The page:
Demystifying “Transaction Costs” When Reforming Public Pensions

By Greg Lawson

Meaningful public pension reform requires a transition from existing defined-­‐benefit (DB) pension systems to defined-­‐contribution (DC) or hybrid (a combina-­‐mandated accounting changes resulting from closing a DB plan that then end up as frontloaded costs have often been used as an argument against reform. But Ohio lawmakers should not view transition costs as an insurmountable impediment to comprehensive pension reform. As has been seen in other states, transition costs can be mitigated through smart reforms that correctly interpret several standards set by the Government Accounting Standards Board (GASB). The dominant belief until now has been that GASB accounting standards dictate that essentially, this would mean that more taxpayer money is needed upfront in order to the practice used by open DB plans which amortize liabilities more gradually over time. Frontloaded costs due to level dollar amortization can total billions of dollars above baseline spending in the short run; thus, reform can appear costly at a time of already strained state finances.

Chart 1 : Level Dollar vs. Level Percentage Accounting

Source: Laura and John Arnold Foundation

Chart 1 is an illustration of the difference between level dollar (closed DB plan) and level percentage accounting (open DB plan). While both practices amortize identical amounts of liabilities, level dollar practices frontload these payments, creating transitioncosts.

But as new research from the Laura and John Arnold Foundation shows, the supposedly mandated switch from level percentage to level dollar amortization is incorrect. While pension system actuaries claim that closing out a DB plan mandates accelerated costs, GASB Statements 25 and 27 do not mandate a change in funding policy, only a change in financial reporting. A number of reform minded states have made this distinction and have found success in aggressively reforming their pension plans without encountering the burden of high transition costs.

Rhode Island and Utah

In November 2011, Rhode Island converted its DB retirement systems into a DB/DC hybrid. Despite the reduction of the DB plan, GASB accounting standards did not trigger level dollar amortization. Basically, transition costs do not apply. Unfunded liabilities continue to be amortized on a gradual, level percentage basis.

This holds promise for states looking to accomplish similar reforms. Even though a DB plan may be dramatically reduced, keeping a remnant of the plan open allows for a continued usage of level percentage accounting practices.

To close the remaining unfunded liability of the existing DB system, amortization payments are calculated
according to total employee payroll (all members in both the existing DB plan and the newly created hybrid), not just the remaining employees in the DB plan. Utah implemented this strategy in its hybrid reform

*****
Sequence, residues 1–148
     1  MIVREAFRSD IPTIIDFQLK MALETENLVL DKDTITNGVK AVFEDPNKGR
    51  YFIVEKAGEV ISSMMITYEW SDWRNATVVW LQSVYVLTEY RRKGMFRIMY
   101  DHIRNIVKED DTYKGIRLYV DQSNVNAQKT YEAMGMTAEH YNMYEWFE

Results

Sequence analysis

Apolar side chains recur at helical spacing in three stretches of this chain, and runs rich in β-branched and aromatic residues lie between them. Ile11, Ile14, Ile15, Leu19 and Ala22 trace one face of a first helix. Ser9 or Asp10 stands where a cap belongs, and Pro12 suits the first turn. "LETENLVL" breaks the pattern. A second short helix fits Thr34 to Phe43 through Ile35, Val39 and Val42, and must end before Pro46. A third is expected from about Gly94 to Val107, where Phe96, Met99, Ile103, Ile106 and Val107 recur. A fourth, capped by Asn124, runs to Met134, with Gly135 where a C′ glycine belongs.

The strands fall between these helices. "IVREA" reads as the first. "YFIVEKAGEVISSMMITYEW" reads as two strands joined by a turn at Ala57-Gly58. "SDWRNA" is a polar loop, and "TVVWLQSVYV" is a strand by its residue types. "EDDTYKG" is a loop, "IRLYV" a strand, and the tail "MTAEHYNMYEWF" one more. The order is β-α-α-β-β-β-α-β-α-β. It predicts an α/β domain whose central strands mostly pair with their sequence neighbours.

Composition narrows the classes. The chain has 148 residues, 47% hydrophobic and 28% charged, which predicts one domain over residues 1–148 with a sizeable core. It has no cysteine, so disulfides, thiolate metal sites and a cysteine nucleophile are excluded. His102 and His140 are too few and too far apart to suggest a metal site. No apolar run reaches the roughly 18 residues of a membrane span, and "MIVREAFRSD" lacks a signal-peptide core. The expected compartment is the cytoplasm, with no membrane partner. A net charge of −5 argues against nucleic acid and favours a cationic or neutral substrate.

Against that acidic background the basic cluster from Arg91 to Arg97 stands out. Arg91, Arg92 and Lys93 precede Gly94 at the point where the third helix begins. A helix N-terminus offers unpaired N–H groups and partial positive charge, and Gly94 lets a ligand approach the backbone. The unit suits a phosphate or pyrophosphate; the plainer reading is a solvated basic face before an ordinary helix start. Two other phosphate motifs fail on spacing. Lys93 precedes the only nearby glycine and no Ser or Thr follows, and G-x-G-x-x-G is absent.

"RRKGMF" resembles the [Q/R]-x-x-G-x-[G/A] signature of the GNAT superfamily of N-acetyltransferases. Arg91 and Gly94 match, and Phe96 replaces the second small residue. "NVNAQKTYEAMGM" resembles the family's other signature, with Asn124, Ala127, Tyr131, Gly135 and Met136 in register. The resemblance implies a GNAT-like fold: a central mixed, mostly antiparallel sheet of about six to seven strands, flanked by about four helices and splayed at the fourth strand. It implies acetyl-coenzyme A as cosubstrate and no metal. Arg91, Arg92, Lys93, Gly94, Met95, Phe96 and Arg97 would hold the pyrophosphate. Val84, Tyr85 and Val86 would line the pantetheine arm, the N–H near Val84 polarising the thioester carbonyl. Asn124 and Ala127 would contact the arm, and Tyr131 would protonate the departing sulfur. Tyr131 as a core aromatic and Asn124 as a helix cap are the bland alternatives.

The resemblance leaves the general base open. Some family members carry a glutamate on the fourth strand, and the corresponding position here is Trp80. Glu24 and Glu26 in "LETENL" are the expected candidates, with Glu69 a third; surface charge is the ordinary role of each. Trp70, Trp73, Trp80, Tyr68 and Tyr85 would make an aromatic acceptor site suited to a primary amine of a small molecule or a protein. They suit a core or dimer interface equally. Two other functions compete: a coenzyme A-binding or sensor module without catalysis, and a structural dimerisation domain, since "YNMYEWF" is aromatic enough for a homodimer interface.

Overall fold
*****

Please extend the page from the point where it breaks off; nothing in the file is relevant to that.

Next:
package of 2010 and has experienced no accelerated amortization payments.

Full Defined Contribution Plans

While Rhode Island and Utah have shown that transition costs can be avoided through hybrid plans, it is still possible to alleviate transition costs in full DC systems.

This again is made possible by applying amortization payments to all employees participating in the existing DB plan and the new DC plan.

Just as is the case with hybrid systems, GASB provisions do not dictate state funding policy, only financial
disclosure requirements. In the case of DC plans, liability amortization of a closed defined benefit pension
plan must be reported on a level dollar scale to follow GASB reporting requirements, but liabilities can be
funded independently of GASB recommendations. The less frontloaded level percentage amortization schedule can still be utilized as long as all employees are included in calculating the amortization cost.

The entire question of defined benefit pension amortization should be resolved shortly as GASB is scheduled to eliminate provisions of Statements 25 and 27. GASB never was intended to dictate state funding policy and it is now preparing to remove itself from that arena.

Pension reform is a separate issue from liability amortization. Therefore, changes in one do not necessitate variances in the other. The falsely assumed barrier of level dollar accounting practices for closed DB plans has spawned the myth of transition costs and has only served as an impediment for true pension reform for over a decade. When reform is structured correctly with amortization based on total payroll, states can pay down their remaining liabilities at a fiscally sustainable rate and still address their long-­‐term fiscal
challenges with defined-­‐contribution solutions.

Greg R. Lawson is the Statehouse Liaison and Policy Analyst with the Buckeye Institute where his policy brief was first published.

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